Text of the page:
Leopard Sharks 2014

JUVENILE LEOPARD SHARKS 

Our Latest Washington Blvd. Tidal Gate Visitors  01-16-14


Image - Version 3



The sharks can find their way out of the canals during the twice weekly tidal flushing.

The leopard shark (Triakis semifasciata) is a species of houndsharkfamily Triakidae, found along the Pacific coast of North America from the U.S. state of Oregon to Mazatlán in Mexico. Typically measuring 1.2–1.5 m (3.9–4.9 ft) long, this slender-bodied shark is immediately identifiable by the striking pattern of black saddle-like markings and large spots over its back, from which it derives its common name.  Large schools of leopard sharks are a common sight in bays and estuaries, swimming over sandy or muddy flats or rock-strewn areas near kelp beds and reefs.  They are most common near the coast, in water less than 4 m (13 ft) deep.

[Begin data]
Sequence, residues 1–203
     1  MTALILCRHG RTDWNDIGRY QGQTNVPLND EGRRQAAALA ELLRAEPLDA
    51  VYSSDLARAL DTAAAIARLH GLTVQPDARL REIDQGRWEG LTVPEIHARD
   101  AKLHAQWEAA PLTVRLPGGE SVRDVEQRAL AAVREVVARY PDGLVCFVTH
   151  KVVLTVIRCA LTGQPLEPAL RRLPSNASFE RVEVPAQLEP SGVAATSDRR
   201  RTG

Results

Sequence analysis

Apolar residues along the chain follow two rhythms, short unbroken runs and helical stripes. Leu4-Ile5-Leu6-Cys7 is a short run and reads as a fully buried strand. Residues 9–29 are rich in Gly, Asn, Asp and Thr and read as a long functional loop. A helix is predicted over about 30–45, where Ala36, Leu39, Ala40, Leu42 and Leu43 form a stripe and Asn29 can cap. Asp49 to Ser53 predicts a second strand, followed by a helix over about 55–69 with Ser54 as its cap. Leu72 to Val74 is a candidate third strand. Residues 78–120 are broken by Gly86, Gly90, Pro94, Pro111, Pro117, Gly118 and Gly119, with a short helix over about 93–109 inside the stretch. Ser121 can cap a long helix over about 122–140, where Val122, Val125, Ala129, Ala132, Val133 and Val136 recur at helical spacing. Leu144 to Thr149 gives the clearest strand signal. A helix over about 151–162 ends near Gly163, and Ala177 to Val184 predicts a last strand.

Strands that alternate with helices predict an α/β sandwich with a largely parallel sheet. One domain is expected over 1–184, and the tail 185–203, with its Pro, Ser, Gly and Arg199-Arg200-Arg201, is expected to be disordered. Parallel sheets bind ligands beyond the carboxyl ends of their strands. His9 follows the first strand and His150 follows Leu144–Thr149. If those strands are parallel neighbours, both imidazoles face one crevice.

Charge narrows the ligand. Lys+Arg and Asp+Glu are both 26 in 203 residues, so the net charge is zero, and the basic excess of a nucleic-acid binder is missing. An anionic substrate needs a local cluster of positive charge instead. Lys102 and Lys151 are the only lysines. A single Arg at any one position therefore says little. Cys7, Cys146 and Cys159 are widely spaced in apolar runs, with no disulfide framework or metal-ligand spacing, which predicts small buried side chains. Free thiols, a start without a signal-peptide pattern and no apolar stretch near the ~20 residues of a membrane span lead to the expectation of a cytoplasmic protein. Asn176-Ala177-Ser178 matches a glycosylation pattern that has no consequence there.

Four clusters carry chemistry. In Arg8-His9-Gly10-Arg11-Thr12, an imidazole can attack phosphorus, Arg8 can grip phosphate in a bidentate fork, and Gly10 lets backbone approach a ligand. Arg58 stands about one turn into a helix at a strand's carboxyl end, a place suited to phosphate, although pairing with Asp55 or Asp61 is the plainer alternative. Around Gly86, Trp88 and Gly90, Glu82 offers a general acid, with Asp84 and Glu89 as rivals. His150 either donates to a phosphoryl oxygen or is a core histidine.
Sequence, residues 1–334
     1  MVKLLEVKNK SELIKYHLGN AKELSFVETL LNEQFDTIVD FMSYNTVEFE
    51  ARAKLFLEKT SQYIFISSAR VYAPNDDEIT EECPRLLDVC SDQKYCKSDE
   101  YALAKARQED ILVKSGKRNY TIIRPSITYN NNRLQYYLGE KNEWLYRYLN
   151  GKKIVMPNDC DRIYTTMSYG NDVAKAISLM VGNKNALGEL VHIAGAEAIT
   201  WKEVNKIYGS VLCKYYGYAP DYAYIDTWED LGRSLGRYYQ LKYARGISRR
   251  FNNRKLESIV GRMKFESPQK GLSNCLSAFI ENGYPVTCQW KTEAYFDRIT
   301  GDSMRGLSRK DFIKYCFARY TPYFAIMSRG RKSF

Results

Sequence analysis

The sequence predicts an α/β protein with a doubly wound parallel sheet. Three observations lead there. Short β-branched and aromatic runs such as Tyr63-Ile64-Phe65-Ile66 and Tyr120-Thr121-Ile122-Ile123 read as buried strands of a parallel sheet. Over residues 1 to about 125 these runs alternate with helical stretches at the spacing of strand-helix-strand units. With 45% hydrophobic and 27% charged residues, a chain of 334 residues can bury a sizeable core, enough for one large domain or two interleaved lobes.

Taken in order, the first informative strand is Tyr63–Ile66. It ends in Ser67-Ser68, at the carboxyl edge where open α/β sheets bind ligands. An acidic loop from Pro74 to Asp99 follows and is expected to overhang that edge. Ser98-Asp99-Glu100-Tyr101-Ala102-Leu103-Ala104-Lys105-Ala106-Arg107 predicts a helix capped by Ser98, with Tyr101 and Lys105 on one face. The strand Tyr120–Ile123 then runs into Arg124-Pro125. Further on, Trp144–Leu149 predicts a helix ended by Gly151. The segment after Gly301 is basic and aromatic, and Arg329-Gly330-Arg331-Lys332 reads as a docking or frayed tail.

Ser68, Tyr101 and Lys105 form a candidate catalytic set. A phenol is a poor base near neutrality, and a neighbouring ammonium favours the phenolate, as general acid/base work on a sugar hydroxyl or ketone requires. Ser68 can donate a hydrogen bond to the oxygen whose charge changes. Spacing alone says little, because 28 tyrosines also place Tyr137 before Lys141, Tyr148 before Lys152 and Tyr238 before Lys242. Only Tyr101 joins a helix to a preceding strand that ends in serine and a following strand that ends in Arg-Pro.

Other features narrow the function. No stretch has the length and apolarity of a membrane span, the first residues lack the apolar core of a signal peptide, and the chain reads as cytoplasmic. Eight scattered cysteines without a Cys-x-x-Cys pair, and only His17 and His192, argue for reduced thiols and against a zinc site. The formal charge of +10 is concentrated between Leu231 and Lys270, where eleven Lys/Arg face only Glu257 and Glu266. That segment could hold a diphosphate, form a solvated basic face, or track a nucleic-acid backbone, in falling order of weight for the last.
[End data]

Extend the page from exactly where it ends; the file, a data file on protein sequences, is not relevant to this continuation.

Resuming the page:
Active-swimming predators, groups of leopard sharks often follow the tide onto intertidal mudflats to forage for food, mainly clamsspoon wormscrabsshrimpbony fish, and fish eggs. 

Information:  Whitney Sander,  Photos by:  Patrick Harbinson